Author: Sean Qi
For many first-year students, university will be the first place where you have to buy your own textbooks for class. With many new textbooks costing over $100 each, buying textbooks can create a huge dent in your wallet if you are not careful. In this blog post, the CMP team will share some useful tips and tricks that will change the way you purchase textbooks. I certainly hope that by following our advice, you can get the biggest bang for your buck and save hundreds of dollars per semester.
First things first, if you are reading this blog post and currently don’t own an iClicker, buy one…. NOW! Chances are you will have a class that needs one. (For first-year Sauder students, iClickers are used in COMM 101 and COMM 290.) Before the semester officially begins, many students sell used iClickers online for as low as $10. Considering the fact that new iClickers cost over $40 at the UBC Bookstore, the savings are seriously unreal. However, I’d like to stress the importance of buying an iClicker before the first week of class. When the semester begins, students will begin to realize that they need to buy an iClicker. During this time, it becomes super difficult to find used iClickers for sale because so many people are interested in buying them. If that wasn’t enough, professors are known to give students iClicker questions as early as the first lecture. How irritating is that! To avoid the annoyance of overpaying for a new iClicker because you couldn’t find a used one in time, purchase a used iClicker AS SOON AS POSSIBLE.
Back on topic. Right now, you probably already have your booklist and don’t know where to begin. Read the next couple of sections for some useful advice that will help you master the art of buying university textbooks.
Do I even need to buy a textbook for this class?
For some classes, lecture notes, PowerPoint slides and (CMP) prep sessions will offer you with enough material to help you study for exams. In other classes, the “required” textbook is hardly used at all. Before buying textbooks, attend the first few lectures, read the course syllabus and talk to upper-year students to determine if buying the textbook for a particular course is worth it or not. If textbook use is scarce for a particular course, consider borrowing the textbook from a classmate and recording the notes you need.
Should I buy new or used?
Always buy your textbooks used, unless the class requires a completely new textbook that cannot be purchased second-hand. COMM 291 students will know the feeling.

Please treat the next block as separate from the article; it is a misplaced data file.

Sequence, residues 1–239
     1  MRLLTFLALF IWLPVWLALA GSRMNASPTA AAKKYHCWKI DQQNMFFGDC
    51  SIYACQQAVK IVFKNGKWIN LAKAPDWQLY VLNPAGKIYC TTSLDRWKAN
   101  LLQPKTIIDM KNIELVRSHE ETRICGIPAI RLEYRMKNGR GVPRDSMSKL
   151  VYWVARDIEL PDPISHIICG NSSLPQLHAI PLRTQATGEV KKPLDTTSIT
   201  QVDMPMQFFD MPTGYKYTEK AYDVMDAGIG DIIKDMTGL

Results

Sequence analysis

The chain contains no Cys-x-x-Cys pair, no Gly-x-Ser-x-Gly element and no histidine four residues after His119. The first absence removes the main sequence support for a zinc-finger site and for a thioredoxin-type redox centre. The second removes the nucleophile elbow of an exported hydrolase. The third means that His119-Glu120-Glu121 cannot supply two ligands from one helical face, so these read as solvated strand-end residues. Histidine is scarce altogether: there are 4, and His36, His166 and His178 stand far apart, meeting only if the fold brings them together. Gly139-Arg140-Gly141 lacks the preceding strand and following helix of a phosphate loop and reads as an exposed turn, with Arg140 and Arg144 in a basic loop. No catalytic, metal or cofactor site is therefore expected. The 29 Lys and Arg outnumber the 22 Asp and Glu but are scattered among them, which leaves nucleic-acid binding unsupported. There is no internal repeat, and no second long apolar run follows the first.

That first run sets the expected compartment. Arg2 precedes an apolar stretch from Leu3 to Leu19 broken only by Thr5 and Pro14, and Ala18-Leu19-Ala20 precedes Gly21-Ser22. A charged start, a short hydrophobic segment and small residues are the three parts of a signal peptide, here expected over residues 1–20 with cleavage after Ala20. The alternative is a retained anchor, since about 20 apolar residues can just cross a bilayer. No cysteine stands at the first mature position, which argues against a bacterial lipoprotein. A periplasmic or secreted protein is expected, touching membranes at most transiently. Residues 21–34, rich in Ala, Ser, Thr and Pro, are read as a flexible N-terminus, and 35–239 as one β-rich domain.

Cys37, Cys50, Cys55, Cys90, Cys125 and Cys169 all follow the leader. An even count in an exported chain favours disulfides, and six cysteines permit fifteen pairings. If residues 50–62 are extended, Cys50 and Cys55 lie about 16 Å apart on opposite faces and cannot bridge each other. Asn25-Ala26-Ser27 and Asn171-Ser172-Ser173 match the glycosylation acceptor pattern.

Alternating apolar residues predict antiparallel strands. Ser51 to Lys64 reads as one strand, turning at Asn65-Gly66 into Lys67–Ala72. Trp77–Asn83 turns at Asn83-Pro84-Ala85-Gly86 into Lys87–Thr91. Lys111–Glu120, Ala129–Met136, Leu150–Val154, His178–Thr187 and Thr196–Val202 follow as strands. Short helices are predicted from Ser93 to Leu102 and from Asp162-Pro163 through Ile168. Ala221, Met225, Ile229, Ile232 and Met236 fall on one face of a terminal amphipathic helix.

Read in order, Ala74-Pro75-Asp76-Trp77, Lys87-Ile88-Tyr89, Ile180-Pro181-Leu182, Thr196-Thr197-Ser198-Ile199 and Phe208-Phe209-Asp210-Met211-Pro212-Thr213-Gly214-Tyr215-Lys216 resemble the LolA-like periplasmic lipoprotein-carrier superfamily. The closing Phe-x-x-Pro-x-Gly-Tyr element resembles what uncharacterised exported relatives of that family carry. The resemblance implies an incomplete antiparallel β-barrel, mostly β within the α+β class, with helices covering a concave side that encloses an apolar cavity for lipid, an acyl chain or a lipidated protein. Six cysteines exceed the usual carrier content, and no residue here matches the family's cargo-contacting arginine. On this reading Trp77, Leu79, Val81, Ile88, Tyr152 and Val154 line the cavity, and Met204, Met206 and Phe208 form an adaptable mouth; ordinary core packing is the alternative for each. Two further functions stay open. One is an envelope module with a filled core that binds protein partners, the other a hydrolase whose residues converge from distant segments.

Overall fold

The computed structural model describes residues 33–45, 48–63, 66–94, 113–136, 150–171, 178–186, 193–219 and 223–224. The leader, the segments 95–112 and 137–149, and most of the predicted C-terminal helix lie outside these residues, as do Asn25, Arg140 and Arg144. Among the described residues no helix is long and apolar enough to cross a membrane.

It is absolutely okay to buy a previous edition of the same textbook. Most of the time, the publisher just moves a few pages and sections around. If you are unsure, ask your prof for clarification.
Where do I buy my textbooks?
UBC textbooks can be found at:
- The UBC Bookstore. If you have money to throw away, buy new textbooks here. You can also save money by renting new textbooks from the UBC Bookstore, although I haven’t done this myself.
- Discount Textbooks at the University Village Marketplace. Although the textbooks here are second-hand, most of the books on sale are relatively more expensive than what you would find online.
- Facebook groups are the best place to find used textbooks at great prices, so join these groups right away! Most of the textbooks I ended up buying last year came from Facebook. The two largest groups are “UBC textbook 4 sale” (22,000+ members) and “Buy and Sell – UBC text books” (12,000+ members).
- Kijiji and Craigslist. Some of the sellers on Kijiji and Craigslist live far away from UBC campus. If they don’t plan on delivering the books to you, you might have to travel a considerable distance to get the textbooks you have agreed to purchase. Turn to Kijiji and Craigslist when you cannot find the textbook you are looking for on Facebook.
- If possible, check the public library for textbooks before buying.
- See if your friends own any textbooks that you need. If they’re nice, they’ll sell it to you for a reasonable price or let you borrow it for free. 😮
How much should I pay for a textbook?
All things considered, this comes down to you and how much money you are comfortable spending for a specific textbook on your booklist. You often end up saving tons of cash by buying used textbooks online that are sold at discounts of 30% or more. Sometimes, these discounts can be higher than 80%. Although different sellers can sell the same textbook at different prices, small differences in price ($5 to $30, depending on the original price of the book) are often irrelevant because these books are being sold at noticeably lower prices than buying new.
However, if you are interested in getting the BEST deal, comparing multiple postings and waiting for bargains to surface will help you maximize your savings. This approach isn’t for everyone, as it might take extra time and energy to find the right seller, and you might get your textbooks later than expected. Hunting for the best bargain is not recommended for textbooks that are hard to find in the first place.
The CMP team hopes that this guide was helpful. If you have any tips that you are interested in sharing, leave a comment below. Best of luck!